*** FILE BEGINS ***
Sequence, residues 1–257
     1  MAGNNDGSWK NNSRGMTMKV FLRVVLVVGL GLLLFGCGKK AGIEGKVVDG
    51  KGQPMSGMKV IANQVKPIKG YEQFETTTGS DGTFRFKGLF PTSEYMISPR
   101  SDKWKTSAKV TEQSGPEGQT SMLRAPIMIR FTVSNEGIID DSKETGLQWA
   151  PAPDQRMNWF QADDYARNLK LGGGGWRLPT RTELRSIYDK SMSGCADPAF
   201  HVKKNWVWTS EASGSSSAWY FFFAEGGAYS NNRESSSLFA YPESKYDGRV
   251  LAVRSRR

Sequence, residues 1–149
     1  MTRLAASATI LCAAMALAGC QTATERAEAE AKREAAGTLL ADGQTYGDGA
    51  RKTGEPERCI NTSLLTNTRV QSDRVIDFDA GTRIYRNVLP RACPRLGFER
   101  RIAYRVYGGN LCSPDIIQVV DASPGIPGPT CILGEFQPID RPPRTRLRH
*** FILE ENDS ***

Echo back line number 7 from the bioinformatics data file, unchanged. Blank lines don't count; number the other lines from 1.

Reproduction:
   251  LAVRSRR